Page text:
My contribution to yesterday’s Budget Debate:

It is a great honour to follow my hon. Friend the Member for Slough (Mr Dhesi) and his excellent speech. In the time that I have, I wonder if I might focus on one specific issue —council tax and its failings. I was very interested in the contribution of my hon. Friend the Member for Eltham (Clive Efford), when he spoke about the advantages of a wealth tax for those with more than £10 million in assets. It should not be discounted—I think there is a lot of merit in it. My hon. Friend the Member for Leeds East (Richard Burgon) has also advocated such a policy.

We heard a lot from the Chancellor yesterday. There were a lot of Es flying around. There are a couple of Es in levelling up, but unfortunately Easington did not get any levelling-up money. That is meant to be the Government’s priority.

It would be worthwhile for the Government to address the fundamental unfairness of council tax. I want to explore why replacing council tax with a proportional property tax should command the support of those on the Opposition and Government Benches. It is advocated by the Fairer Share campaign, which I recommend the Minister and other Members have a look at. Fair taxation is the foundation on which Labour can build a better Britain and help to secure the missions recently set out by the Leader of the Opposition. For the Conservatives, abolishing council tax in favour of a proportional property tax would demonstrate a long-term and systematic commitment to levelling up. It would help to alleviate and mitigate the cost of living crisis and deliver a tax cut—a council tax cut—to more than 75% of households in the country, and 100% of households in Easington.

The problem with council tax is very simple. In the days ahead, the majority of people will receive a council tax bill. At Prime Minister’s questions, a lot of political capital was made about Conservative councils being better than Labour councils, but the truth is that almost all councils, irrespective of their political colour, are facing huge pressures. Most people will face a council tax increase of about 5%. The County Councils Network reported in February that three in four councils will increase council tax by the maximum amount permitted. This is an issue that cuts across all parties. My county council, Durham County Council, is led by a Conservative-led coalition. It faces a £10.2 million deficit, despite raising council tax by the maximum—5%—and proposing cuts of £12.4 million.

The truth is that the system is broken. It is the poorest households that pay more and get less, while councils remain unable to fund vital services. Currently, households are taxed based not on their ability to pay, but on the 1991 valuation of their home and the area in which they live. That means that local authorities must impose tax levels on their residents to cover the costs of essential statutory services such as caring for looked-after children and adult social care regardless of the wealth, or lack of it, in those communities. For that reason, an £8 million townhouse in Westminster bizarrely, or perversely, ends up paying less council tax each year than somebody living in a £150,000 home in my constituency. The most affluent areas have other advantages, with Westminster City Council better placed to raise revenues through business rates, fees and charges such as car parking charges compared to poorer local authorities like mine.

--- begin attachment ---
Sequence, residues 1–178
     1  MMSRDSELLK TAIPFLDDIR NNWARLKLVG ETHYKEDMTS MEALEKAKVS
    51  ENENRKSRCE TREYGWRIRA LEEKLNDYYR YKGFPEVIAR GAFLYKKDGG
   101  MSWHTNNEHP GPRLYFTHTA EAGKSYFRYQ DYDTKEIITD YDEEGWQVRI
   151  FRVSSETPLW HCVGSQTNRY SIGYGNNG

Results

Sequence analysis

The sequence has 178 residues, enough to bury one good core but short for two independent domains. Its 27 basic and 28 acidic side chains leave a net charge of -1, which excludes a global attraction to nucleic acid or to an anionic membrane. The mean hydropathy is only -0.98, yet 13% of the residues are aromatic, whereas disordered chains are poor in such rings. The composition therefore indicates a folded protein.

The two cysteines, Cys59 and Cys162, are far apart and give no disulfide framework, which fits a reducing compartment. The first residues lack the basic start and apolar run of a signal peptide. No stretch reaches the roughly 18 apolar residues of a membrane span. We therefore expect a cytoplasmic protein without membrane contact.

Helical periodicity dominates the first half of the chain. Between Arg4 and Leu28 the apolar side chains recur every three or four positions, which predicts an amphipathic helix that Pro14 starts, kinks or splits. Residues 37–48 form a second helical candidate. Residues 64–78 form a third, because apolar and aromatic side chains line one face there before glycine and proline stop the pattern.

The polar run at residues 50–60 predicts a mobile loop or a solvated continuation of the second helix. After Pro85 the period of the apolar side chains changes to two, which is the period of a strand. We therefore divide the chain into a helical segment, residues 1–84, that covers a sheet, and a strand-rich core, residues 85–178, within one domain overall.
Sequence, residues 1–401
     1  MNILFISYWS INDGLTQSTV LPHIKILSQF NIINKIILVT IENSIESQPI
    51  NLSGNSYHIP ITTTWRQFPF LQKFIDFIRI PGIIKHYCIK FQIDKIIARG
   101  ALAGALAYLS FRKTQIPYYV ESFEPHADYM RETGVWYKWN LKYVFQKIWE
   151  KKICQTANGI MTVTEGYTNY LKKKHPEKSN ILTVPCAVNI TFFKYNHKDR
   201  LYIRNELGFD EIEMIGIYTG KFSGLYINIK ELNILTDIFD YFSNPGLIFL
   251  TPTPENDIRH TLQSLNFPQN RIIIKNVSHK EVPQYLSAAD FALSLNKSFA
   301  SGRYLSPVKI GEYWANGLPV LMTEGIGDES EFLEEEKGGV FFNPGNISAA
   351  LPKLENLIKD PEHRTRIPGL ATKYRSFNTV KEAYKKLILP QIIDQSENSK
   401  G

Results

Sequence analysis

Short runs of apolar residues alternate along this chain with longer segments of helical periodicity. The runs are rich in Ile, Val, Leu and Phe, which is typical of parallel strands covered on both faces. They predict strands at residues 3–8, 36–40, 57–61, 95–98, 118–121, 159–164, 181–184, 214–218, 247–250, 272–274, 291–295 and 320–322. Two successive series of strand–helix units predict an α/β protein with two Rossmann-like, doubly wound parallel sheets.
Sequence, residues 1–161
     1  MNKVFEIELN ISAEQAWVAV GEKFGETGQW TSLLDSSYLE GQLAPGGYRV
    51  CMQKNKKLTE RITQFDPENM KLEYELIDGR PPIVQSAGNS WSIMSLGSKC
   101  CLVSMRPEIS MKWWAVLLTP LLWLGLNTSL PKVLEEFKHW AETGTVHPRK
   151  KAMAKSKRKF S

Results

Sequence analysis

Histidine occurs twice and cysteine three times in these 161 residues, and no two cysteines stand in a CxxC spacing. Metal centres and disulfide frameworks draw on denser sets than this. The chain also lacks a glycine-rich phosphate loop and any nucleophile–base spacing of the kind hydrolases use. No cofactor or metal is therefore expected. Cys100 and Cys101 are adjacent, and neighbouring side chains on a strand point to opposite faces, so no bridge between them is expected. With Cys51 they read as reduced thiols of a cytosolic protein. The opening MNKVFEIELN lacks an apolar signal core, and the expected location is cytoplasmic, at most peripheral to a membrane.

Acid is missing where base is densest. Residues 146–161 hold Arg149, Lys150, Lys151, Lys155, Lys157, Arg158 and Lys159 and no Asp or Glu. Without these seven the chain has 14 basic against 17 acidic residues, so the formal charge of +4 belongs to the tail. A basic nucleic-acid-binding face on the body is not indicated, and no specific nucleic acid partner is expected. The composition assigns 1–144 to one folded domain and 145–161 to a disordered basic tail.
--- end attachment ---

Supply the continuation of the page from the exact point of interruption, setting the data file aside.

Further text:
This is the opposite of levelling up. It is widening the economic gap between London and the regions, as well as between the richest and poorest in society. The theme of the Budget yesterday was boosting employment, and the key to that aim is strengthening regional economies to sustain additional employment. A proportional property tax strengthens local economies and supports employment by cutting taxes in the regions by £6.5 billion. A huge annual economic stimulus of £6.5 billion would empower people to participate in their local economy. For the poorest communities such as mine, the average household saving could be as high as £900 a year.

The Government’s refusal to invest in our poorest communities will hold back regeneration, growth and employment. Rather than the Government’s tax and spend investment policy, a proportional property tax is much more efficient at allowing the poorest communities to keep more of their own money to spend and invest in their own local economy as they see fit. That might be a philosophy that the Conservatives could agree with.

The success of the levelling-up fund should be judged on the extent to which it narrows the economic divisions in our country. In fact, those divisions are widening and inequality is growing. The north-east region as a whole received just £108.5 million, compared with £210.5 million and £151.3 million allocated to the south-east and London respectively.

I am disappointed that the Chancellor said nothing in the Budget about the regressive council tax. I am proud that the Durham County Council Labour group is the first in the country to call for the introduction of a proportional property tax to replace the iniquitous council tax. It is a simple and fair tax applied equally, no matter whether someone lives in Peterlee, Pimlico, Belgravia, Blackhall, Horden, Hartlepool or Hounslow. The Government can deliver a tax cut to more than 18 million households, support regional economies and help levelling up. A proportional property tax is a levelling- up tax. I hope that both the Government and the Opposition will support it.

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